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Clinical Practice and Barriers of Ventilatory Support Management in COVID-19 Patients in Saudi Arabia: A Survey of Respiratory Therapists

Alqahtani, Jaber S; Aldabayan, Yousef S; AlAhmari, Mohammed D; AlRabeeah, Saad M; Aldhahir, Abdulelah M; Alghamdi, Saeed M; Oyelade, Tope; ... Alrajeh, Ahmed M; + view all (2021) Clinical Practice and Barriers of Ventilatory Support Management in COVID-19 Patients in Saudi Arabia: A Survey of Respiratory Therapists. Saudi Journal of Medicine and Medical Sciences , 9 (3) pp. 223-229. 10.4103/sjmms.sjmms_58_21. Green open access

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Abstract

OBJECTIVE: This study was conducted to determine the clinical practice and barriers of ventilatory support management in COVID-19 patients in Saudi Arabia among respiratory therapists. METHODS: A validated questionnaire comprising three parts was distributed to all critical care respiratory therapists registered with the Saudi Society for Respiratory Care through the official social networks. RESULTS: A total of 74 respiratory therapists completed the survey. The mean (±standard deviation) of intensive care unit beds was 67 ± 79. Clinical presentation (54%) and arterial blood gas (38%) were the two main diagnostic tools used to initiate ventilatory support. While protocols for the initiation of invasive mechanical ventilation (IMV; 81%) were widely available, participants had limited availability of protocols for the use of non-invasive ventilation (NIV; 34%) and high-flow nasal cannula (HFNC; 34%). In mild cases of COVID-19, most respondents used HFNC (57%), while IMV was mostly used in moderate (43%) and severe (93%) cases. Regular ventilator check was mostly done every 4 h (57%). BiPAP (47.3%) and full-face masks (45.9%) were the most used mode and interface, respectively, while pressure-regulated volume control (55.4%) and pressure control (27%) were the most used mechanical ventilation modes for COVID-19 patients. In terms of use of proning, 62% used it on IMV, while 26% reported using awake proning. Staff shortage (51.4%), personal protective equipment (PPE) shortage (51.4%), increased workload (45.9%), inadequate training (43.2%) and lack of available protocols and policies (37.8%) were the main barriers. CONCLUSION: Ventilatory support management of COVID-19 in Saudi Arabia was inconsistent with the global practice, lacked uniformity, and there was limited use of standard protocols/treatment guidelines. Shortage of staff and PPE, increased workload and insufficient training were the most prevalent barriers.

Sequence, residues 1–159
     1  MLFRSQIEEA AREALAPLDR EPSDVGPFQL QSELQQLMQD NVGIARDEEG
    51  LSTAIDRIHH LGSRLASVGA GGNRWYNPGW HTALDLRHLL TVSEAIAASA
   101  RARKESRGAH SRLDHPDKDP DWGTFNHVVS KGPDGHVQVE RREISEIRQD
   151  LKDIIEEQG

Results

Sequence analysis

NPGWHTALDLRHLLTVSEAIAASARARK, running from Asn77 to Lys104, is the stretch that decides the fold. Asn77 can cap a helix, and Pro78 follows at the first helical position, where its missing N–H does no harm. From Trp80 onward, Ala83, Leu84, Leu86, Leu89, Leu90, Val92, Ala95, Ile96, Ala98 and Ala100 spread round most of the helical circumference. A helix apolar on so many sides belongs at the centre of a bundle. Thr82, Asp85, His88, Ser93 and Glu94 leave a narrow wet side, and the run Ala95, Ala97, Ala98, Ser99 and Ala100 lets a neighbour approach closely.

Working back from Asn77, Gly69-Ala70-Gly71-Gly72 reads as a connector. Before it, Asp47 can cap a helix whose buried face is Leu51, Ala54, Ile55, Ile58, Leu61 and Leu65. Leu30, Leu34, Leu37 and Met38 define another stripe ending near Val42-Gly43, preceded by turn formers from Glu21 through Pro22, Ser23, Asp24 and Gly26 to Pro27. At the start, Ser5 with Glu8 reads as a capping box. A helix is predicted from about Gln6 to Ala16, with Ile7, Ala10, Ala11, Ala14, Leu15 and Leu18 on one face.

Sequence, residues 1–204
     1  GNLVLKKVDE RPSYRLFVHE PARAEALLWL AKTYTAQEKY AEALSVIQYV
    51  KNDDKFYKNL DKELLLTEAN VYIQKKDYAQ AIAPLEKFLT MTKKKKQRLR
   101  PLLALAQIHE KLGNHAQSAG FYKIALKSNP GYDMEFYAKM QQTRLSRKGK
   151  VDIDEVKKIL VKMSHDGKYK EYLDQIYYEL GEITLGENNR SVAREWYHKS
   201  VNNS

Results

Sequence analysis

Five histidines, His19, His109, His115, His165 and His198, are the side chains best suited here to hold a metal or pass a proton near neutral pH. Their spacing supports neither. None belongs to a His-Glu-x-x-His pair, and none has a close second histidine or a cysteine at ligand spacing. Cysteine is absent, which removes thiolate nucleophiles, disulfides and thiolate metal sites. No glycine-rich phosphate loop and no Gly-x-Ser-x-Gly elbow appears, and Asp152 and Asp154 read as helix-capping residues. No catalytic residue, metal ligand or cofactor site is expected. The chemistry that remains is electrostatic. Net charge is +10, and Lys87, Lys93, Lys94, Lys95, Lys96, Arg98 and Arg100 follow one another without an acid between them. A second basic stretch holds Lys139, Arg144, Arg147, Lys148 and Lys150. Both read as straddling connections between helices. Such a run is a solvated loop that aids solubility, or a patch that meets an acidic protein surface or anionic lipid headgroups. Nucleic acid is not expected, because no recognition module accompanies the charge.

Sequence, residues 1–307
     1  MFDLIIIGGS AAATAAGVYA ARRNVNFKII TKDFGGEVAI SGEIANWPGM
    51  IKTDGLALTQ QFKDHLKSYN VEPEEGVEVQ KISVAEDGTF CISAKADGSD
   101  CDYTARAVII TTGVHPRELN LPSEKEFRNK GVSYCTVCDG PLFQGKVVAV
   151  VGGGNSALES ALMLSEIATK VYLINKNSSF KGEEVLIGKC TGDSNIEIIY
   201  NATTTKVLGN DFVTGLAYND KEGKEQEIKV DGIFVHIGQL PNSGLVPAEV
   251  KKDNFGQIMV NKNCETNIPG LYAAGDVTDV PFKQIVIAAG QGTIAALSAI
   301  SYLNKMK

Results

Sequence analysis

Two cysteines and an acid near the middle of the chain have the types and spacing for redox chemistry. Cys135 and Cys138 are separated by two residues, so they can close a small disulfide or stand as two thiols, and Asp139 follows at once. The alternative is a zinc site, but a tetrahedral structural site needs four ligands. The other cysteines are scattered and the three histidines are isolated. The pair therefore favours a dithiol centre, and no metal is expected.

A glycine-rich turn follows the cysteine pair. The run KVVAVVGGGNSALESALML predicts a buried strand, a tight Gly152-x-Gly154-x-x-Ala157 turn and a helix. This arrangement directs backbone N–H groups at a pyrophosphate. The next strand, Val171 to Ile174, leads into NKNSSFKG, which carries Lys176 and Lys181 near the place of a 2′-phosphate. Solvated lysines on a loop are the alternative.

Type: Article
Title: Clinical Practice and Barriers of Ventilatory Support Management in COVID-19 Patients in Saudi Arabia: A Survey of Respiratory Therapists
Location: India
Open access status: An open access version is available from UCL Discovery
DOI: 10.4103/sjmms.sjmms_58_21
Publisher version: http://dx.doi.org/10.4103/sjmms.sjmms_58_21
Language: English
Additional information: This is an open access journal, and articles are distributed under the terms of the Creative Commons Attribution‑NonCommercial‑ShareAlike 4.0 License, which allows others to remix, tweak, and build upon the work non‑commercially, as long as appropriate credit is given and the new creations are licensed under the identical terms.
Keywords: COVID-19, Saudi Arabia, intensive care units, mechanical ventilation, noninvasive ventilation, respiratory
UCL classification: UCL
UCL > Provost and Vice Provost Offices > School of Life and Medical Sciences
UCL > Provost and Vice Provost Offices > School of Life and Medical Sciences > Faculty of Medical Sciences
UCL > Provost and Vice Provost Offices > School of Life and Medical Sciences > Faculty of Medical Sciences > Div of Medicine
URI: https://discovery.ucl.ac.uk/id/eprint/10183306
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